Northern red oak

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Northern red oak Quercus rubra


Northern red oak Quercus rubra

A large oak, Quercus rubra (syn Quercus borealis), native to North America, growing from Kansas northwards to Canada and from the Great Lakes west to the Pacific Ocean. The northern red oak produces a hard, strong timber that has a pale reddish brown color. It is used for furniture, flooring, veneers, shipbuilding, railroad ties, and interior trim.

Synonyms and Related Terms

Appalachian red oak; Quercus rubra; Quercus borealis; Rød-Eg (Dan.); Roteiche (Deut.); chêne rouge d'Amérique (Fr.); Amerikaanse eik (Ned.); roble americano (Esp.); carvalho vermelho americano (Port.)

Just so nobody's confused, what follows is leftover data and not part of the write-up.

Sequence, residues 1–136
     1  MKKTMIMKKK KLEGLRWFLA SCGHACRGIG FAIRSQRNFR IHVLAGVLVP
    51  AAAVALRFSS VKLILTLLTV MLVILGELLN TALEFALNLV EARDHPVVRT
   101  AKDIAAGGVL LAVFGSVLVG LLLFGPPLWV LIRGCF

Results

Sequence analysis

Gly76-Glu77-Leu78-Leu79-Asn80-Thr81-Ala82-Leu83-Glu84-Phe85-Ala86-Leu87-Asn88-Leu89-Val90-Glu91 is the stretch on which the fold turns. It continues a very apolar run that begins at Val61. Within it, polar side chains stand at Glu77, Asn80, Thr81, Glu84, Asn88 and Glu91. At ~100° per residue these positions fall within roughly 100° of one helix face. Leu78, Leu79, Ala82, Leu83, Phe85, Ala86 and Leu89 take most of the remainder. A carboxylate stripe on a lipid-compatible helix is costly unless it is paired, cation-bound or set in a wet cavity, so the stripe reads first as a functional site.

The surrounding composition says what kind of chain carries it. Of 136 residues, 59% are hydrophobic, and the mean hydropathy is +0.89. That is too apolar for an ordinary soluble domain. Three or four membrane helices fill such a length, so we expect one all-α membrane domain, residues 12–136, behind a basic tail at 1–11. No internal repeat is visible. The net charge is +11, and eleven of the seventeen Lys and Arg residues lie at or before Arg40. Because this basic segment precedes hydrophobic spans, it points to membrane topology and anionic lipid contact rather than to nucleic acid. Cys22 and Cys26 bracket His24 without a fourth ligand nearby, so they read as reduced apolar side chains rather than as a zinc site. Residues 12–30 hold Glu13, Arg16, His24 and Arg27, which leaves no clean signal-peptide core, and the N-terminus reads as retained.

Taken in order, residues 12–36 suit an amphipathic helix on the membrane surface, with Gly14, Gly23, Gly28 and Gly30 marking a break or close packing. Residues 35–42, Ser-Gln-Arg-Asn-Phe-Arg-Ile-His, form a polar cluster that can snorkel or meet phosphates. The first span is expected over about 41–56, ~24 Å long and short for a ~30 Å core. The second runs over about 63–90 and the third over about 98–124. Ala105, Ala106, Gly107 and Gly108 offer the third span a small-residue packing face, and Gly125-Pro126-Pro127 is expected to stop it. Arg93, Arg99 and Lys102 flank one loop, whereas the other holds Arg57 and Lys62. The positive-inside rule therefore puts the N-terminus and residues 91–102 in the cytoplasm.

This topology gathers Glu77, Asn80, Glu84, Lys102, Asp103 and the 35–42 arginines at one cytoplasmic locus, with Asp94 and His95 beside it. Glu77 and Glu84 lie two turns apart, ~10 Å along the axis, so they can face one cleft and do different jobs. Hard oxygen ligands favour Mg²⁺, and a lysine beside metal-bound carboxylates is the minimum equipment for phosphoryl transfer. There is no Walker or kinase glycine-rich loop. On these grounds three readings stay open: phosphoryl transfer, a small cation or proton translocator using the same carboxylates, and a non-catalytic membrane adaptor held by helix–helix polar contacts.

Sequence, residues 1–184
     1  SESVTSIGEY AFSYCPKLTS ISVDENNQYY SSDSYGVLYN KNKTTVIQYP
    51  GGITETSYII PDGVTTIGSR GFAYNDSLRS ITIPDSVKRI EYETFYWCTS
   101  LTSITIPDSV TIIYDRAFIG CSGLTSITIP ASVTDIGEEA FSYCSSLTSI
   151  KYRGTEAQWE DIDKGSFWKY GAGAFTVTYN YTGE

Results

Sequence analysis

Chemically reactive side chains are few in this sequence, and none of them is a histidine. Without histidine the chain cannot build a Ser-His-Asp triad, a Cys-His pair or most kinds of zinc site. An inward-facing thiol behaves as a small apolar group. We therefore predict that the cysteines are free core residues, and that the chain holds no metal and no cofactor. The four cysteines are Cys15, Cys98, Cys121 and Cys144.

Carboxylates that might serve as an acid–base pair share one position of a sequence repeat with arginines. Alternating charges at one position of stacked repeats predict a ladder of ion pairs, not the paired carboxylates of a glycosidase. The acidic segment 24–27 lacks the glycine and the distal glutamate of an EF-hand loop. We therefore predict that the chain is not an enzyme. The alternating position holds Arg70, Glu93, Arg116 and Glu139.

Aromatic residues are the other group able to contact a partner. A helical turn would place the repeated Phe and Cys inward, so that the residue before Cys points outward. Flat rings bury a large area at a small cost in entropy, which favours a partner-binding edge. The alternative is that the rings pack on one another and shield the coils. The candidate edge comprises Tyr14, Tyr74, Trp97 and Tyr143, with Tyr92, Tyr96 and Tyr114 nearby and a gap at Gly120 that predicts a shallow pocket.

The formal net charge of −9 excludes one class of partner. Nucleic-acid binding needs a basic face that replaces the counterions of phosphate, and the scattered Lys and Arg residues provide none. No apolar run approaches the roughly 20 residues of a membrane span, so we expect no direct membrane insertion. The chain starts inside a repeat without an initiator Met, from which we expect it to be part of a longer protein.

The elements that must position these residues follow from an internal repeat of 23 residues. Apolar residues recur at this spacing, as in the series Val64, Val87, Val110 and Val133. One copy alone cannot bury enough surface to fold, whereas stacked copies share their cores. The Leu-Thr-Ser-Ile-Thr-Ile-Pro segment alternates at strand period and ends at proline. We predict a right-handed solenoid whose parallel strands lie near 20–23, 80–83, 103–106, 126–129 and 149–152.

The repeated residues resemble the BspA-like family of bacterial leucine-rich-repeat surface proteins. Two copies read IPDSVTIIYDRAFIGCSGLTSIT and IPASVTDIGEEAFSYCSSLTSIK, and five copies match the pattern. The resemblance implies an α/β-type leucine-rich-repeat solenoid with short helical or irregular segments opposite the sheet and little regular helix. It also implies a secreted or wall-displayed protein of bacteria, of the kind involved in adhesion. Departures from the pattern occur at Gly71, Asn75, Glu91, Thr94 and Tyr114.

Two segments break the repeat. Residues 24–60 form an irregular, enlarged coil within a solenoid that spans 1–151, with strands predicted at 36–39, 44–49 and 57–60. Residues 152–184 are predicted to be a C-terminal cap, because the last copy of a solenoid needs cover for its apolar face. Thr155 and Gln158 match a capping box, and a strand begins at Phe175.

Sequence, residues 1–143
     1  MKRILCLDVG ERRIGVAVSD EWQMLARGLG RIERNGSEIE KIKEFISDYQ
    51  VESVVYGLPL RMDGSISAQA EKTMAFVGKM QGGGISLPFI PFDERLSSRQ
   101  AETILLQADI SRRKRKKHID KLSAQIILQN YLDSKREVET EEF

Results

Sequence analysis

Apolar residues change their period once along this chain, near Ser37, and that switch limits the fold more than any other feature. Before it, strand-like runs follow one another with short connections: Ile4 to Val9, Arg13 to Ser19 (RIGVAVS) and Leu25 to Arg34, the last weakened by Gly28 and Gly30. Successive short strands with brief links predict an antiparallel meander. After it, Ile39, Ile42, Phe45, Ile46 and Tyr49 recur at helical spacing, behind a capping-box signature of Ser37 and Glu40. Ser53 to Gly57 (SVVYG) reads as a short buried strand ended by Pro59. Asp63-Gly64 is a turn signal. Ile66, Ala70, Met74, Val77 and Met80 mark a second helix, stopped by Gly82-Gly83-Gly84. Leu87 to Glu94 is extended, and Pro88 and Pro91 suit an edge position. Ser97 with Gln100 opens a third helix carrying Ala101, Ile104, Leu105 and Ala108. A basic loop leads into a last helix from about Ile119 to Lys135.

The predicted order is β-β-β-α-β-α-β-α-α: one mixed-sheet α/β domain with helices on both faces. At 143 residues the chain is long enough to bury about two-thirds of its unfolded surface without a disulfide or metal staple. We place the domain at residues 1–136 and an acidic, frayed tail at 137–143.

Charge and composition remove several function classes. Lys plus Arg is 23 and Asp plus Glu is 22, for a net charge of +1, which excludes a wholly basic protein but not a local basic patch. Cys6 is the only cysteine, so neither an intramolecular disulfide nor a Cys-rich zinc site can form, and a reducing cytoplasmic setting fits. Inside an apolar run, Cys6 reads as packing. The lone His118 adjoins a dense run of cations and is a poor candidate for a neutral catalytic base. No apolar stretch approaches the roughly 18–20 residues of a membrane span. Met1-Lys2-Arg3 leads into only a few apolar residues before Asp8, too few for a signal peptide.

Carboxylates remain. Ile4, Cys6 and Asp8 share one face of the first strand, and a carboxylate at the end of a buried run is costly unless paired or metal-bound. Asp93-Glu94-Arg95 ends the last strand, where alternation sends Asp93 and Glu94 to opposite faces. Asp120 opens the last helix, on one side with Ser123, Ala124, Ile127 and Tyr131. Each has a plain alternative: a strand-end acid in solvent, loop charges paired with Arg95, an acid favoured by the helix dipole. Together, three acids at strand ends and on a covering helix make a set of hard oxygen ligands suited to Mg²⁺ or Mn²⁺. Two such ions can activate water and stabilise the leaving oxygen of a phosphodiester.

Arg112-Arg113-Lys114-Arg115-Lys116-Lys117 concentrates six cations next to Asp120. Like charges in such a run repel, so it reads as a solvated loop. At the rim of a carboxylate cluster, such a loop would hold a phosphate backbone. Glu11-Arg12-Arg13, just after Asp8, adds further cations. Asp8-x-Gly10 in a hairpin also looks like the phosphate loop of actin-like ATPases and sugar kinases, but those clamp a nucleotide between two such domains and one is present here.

Appalachian Red Oak (Quercus borealis)

Physical and Chemical Properties

Tree grows to 35 m with straight trunk and round crown Bark=Gray-brown developing shiny vertical ridges with age. Leaves=oblong with 7 to 11 bristle-tipped lobes Fruit=round acrod with flat, thick cap, matures in two years in late summer. Density = 44 pcf

Resources and Citations

  • G.S.Brady, Materials Handbook, McGraw-Hill Book Co., New York, 1971 Comment: p. 555
  • Dictionary of Building Preservation, Ward Bucher, ed., John Wiley & Sons, Inc., New York City, 1996
  • Hardwood Manufacturers Institute, Memphis Tenn.: air-dry weight = 44 pcf
  • Virginia Tech Dendrology website at (accessed Oct. 8, 2005)

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